Worked on computer until 1 PM then took a drive up to the Brown Creek National Forest Campground. This is a nice, bare bones, isolated CG, $7/night with senior discount, several nice pullthrough sites in the woods and even 2 or 3 by the stream at the entrance. It is 16 miles in from Route 101 with only 1 1/2 miles of dusty gravel, no nasty grades or narrow roads.
These shots were taken along the road up to the Brown Creek campground. They depict the forestry practice here of clear-cutting timber stands. When I first saw these, it came as quite a shock to see acres of brown waste against a backdrop of verdant green standing trees, and I thought how terrible it was to ruin the chance to get any type of panoramic landscape image of the beautiful mountains here in the northwest. What a scar on the land. I guess as I have driven around the past several weeks, I have gotten accustomed to seeing these clear cuts and have changed my mind about them.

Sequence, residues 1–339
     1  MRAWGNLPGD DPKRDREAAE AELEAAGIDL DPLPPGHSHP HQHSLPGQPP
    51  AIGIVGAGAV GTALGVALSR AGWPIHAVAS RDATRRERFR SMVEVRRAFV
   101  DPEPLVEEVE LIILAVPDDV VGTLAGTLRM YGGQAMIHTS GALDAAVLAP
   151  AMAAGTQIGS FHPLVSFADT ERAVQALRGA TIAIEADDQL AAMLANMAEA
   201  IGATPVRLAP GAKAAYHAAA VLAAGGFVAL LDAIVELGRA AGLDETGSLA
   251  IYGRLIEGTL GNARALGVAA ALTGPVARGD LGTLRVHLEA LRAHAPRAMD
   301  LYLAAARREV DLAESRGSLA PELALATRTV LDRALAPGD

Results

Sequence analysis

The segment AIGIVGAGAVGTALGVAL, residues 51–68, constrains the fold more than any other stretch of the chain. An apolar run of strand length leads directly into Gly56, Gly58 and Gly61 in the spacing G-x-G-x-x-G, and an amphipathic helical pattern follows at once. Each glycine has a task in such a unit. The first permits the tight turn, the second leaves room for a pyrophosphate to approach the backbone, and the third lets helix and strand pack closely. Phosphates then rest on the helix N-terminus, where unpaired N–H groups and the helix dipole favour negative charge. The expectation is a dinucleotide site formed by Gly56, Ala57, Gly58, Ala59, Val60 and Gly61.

There are several clear cuts that show, if you look carefully, in the header image above of the clouds over the Olympic Mountains. In the two images above, with the wild flowers in the foreground, you can see several different stages of growth in the background mountains, resulting from prior clear cuts. From a distance these previous clear cuts result in patches of varying greens due to the different ages of the young forests filling in. Now these forests are essentially mono-cultures, and I suppose that is a bad thing. But if you walk out onto a newly harvested site, say, only a few years old, it is amazing to see all the different trees, shrubs, flowers and grasses growing there. What a bonanza for wildlife this must be. On one edge of this new growth might be a patch of forest 25 years old, and on another edge, one 50 years old, all this varying habitat in one small area seems to work for both the lumber industry and the wildlife here.